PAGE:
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Moving up the proverbial career ladder is never easy. Being a diligent, hard-working person will only get you so far, and landing that promotion you’ve been chasing may require a bit of strategy. In a terrific Daily Muse post titled “4 Subtle Mistakes That Are Ruining Your Chances for a Promotion,” MIT career development specialist Lily Zhang highlights some tiny things many people do wrong. Below is our takeaway — tips for avoiding those mistakes. Read on — and good luck!

1. Impress Your Bosses and Your Coworkers — While the higher-ups at your workplace will ultimately decide whether you get a promotion, you can’t spend all of your time brown-nosing and currying favor with people in power. You’ll appear to be “running for office,” as Zhang puts it, and you might take on a reputation as a ruthless go-getter willing to crush others on your way to the top. The solution: Think about how your actions will be interpreted; if you get promoted, you’ll likely continue working with the same people.

2. Don’t Neglect Your Current Job — When you’re trying to paint yourself as promotion-worthy, there’s a tendency to take on new projects and try to prove yourself with some next-level business. That’s fine, but make sure you don’t let your present duties fall by the wayside. “You won’t make a very compelling case for yourself to take on a greater role in the team if you can’t even manage your current assignments,” Zhang writes.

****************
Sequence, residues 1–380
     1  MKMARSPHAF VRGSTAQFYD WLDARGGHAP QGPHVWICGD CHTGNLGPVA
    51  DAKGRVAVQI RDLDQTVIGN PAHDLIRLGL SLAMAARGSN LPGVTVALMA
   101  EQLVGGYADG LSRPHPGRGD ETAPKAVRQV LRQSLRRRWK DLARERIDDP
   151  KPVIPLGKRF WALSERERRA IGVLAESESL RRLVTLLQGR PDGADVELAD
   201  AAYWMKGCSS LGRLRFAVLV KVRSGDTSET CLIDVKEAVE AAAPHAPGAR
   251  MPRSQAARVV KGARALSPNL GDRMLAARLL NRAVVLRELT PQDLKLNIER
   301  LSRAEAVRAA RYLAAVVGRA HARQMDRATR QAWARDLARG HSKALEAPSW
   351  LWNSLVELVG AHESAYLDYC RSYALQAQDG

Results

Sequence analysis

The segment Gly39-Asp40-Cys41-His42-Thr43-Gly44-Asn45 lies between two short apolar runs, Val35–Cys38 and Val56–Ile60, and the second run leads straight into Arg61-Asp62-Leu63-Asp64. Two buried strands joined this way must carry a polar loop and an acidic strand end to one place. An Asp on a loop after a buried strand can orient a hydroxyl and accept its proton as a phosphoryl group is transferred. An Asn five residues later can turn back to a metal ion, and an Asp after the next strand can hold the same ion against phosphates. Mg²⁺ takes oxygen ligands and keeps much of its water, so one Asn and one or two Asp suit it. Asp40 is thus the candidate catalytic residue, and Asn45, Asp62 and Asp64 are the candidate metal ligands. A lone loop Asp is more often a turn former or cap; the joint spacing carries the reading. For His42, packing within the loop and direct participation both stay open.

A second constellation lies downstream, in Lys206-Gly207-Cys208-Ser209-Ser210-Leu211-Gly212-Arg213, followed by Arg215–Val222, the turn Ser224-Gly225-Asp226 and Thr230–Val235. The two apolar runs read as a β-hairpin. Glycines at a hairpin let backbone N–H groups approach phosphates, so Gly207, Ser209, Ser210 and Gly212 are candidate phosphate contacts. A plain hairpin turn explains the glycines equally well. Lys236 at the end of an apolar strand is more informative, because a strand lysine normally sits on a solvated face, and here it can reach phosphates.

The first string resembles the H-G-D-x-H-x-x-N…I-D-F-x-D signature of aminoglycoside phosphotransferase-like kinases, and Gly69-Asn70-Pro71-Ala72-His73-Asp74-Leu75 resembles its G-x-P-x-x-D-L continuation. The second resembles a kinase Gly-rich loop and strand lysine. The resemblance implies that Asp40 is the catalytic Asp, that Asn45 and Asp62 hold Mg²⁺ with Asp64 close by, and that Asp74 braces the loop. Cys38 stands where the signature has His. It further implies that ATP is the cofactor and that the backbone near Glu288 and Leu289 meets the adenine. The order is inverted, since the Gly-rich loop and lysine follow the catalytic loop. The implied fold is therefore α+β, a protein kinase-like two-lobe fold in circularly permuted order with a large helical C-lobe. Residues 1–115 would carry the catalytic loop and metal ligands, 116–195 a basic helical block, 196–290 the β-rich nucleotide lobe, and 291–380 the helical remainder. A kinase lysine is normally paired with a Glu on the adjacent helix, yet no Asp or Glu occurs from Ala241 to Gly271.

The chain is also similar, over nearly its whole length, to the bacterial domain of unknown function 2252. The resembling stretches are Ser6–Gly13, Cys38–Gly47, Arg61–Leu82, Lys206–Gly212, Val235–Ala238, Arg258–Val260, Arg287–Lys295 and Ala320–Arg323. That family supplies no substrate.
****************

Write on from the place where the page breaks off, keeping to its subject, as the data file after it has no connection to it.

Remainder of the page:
3. Make Your Efforts Known — You’ve been coming in early, leaving late, and taking on all sorts of new projects. You’re destined for that promotion, right? Maybe not. As Zhang writes, you can’t depend on others to notice what you’ve been up to. You need to toot your horn, and to that end, Zhang suggests “setting aside time to talk about and celebrate team successes with your manager.” There’s a way to do it without looking like a braggart.

4. Devise a Post-Promotion Plan — If you get a new job within the company, who will do your old one? While Zhang admits there’s something presumptuous about creating a plan for how someone will transition into your role, it’s a crucial step many people overlook. Just think how prepared and professional you’ll seem when the moment comes.